SINGAPORE – Beginning his tour of Southeast Asia, Kazakhstan Minister of Foreign Affairs Erlan Idrissov paid a visit to Singapore on Aug. 28 to improve bilateral relations and discuss the further expansion of trade and economic and investment cooperation.
During the visit, Idrissov met with Prime Minister of Singapore Lee Hsien Loong and Minister of Foreign Affairs and Minister of Justice Kasiviswanathan Shanmugam.
Lee Hsien Loong is also Chairman of the Board of the Government Investment Corporation, which is one of the world’s largest sovereign wealth funds. His wife, Ho Ching is the General Director of the investment holding Temasek, which manages the majority of the largest corporations in Singapore. Temasek’s story is similar to how Kazakhstan’s Samruk Kazyna National Welfare Fundwas created. Singapore is a country that has been successful in its socio-economic development and ability to actively adapt like Kazakhstan.
During the meetings, Kazakhstan-Singapore relations and prospects for further cooperation in trade, economic and investment cooperation were discussed. The two sides exchanged views on issues of regional importance and discussed cooperation within international organisations.
Idrissov welcomed the arrival of Singaporean companies in Kazakhstan’s market. He mentioned the active engagement of Jurong Consultants, which is involved in the development of chemical clusters in Kazakhstan. The National Export and Investment Agency Kaznex Invest and Jurong Consultants have developed special economic zones (SEZ) in Kazakhstan under the Kazakh industrialisation programme. He also highlighted the work of the joint venture Keppel Kazakhstan, which builds barges and drilling units for Kazakhstan’s oil and gas industry.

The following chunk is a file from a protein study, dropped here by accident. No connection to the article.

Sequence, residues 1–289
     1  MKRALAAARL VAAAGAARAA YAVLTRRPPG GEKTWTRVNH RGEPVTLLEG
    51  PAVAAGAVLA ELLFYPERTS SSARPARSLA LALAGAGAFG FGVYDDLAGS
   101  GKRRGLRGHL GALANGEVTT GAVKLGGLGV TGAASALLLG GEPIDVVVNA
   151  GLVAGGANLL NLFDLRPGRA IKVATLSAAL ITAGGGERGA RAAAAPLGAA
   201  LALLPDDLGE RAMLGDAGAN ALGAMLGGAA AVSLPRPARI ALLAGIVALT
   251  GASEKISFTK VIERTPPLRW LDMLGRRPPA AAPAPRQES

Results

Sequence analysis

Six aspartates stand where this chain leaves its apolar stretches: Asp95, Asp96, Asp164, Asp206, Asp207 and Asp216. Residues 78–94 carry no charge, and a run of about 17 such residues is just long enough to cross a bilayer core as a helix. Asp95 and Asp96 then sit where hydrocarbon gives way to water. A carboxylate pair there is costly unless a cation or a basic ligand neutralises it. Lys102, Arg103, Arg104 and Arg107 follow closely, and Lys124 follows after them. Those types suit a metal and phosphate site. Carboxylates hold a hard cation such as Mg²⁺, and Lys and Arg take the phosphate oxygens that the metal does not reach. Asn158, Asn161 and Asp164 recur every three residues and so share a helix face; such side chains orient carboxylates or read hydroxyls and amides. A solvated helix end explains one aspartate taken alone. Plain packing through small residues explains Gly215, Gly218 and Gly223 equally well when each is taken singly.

The parties also talked about cooperation in the sphere of education and science, which has become a staple of cooperation between Singapore and Kazakhstan. A good example of this mutually beneficial cooperation is the strategic partnership between Nazarbayev University and the Lee Kuan Yew School of Public Policy.
In Singapore, Idrissov also spoke at the Lee Kuan Yew School of Public Policy on Eurasian integration and gave an interview to the Singaporean press. The title of his speech was “The Eurasian Economic Union (EEU) and Its Implications for Asia.”
He explained the idea of the EEU as well as its objectives and benefits.
“Accession to the EEU serves the economic interests of Kazakhstan. The EEU offers great economic potential to Kazakhstan’s economy, providing access to a common market of over 170 million people,” he said.
Idrissov stressed that the Eurasian common market has significant potential over the next two decades, with experts predicting a 25 percent growth in the member states’ gross domestic product by 2030, which equates to over $600 billion. Since the creation of the Customs Union (CU), trade between Russia, Kazakhstan and Belarus has increased by 47 percent, exceeding $24 billion in 2013 (before joining the CU in 2009, it was only $12.9 billion).
According to Idrissov, regarding Kazakhstan’s membership in the CU and the Common Economic Space (CES), there has been an almost twofold increase in trade turnover, exports and imports between 2009 and 2013. In that time period, turnover has gone from $72 billion to $133 billion, exports from $43 billion to $83 billion and imports from $28 billion to $49 billion.
“The EEU will have no impact on Kazakhstan’s or other member states’ bilateral or international relations or agreements and neither will Kazakhstan’s integration into other organisations. The EEU respects the sovereignty of its member states,” the minister said during his remarks as he explained the benefits of the EEU for foreign companies and their cooperation with Kazakhstan.
Today, Singapore is an important political and trade partner of Kazakhstan in South-East Asia. Diplomatic relations between the two republics were established on March 30, 1993.